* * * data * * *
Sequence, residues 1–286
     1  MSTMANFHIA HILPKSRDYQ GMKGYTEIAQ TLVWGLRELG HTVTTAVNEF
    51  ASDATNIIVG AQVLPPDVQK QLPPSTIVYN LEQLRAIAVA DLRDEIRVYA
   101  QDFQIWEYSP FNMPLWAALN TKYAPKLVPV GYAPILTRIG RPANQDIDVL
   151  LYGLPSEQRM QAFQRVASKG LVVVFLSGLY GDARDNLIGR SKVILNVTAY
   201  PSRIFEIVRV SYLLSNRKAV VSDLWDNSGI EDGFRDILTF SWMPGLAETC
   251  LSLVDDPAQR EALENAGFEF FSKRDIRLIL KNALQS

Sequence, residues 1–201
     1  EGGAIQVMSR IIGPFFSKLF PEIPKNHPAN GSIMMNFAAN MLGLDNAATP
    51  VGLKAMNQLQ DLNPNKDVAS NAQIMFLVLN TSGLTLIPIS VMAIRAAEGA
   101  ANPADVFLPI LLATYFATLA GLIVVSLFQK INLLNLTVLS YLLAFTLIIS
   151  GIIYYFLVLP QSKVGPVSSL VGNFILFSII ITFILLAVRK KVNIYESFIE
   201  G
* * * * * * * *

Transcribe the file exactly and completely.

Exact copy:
Sequence, residues 1–286
     1  MSTMANFHIA HILPKSRDYQ GMKGYTEIAQ TLVWGLRELG HTVTTAVNEF
    51  ASDATNIIVG AQVLPPDVQK QLPPSTIVYN LEQLRAIAVA DLRDEIRVYA
   101  QDFQIWEYSP FNMPLWAALN TKYAPKLVPV GYAPILTRIG RPANQDIDVL
   151  LYGLPSEQRM QAFQRVASKG LVVVFLSGLY GDARDNLIGR SKVILNVTAY
   201  PSRIFEIVRV SYLLSNRKAV VSDLWDNSGI EDGFRDILTF SWMPGLAETC
   251  LSLVDDPAQR EALENAGFEF FSKRDIRLIL KNALQS

Sequence, residues 1–201
     1  EGGAIQVMSR IIGPFFSKLF PEIPKNHPAN GSIMMNFAAN MLGLDNAATP
    51  VGLKAMNQLQ DLNPNKDVAS NAQIMFLVLN TSGLTLIPIS VMAIRAAEGA
   101  ANPADVFLPI LLATYFATLA GLIVVSLFQK INLLNLTVLS YLLAFTLIIS
   151  GIIYYFLVLP QSKVGPVSSL VGNFILFSII ITFILLAVRK KVNIYESFIE
   201  G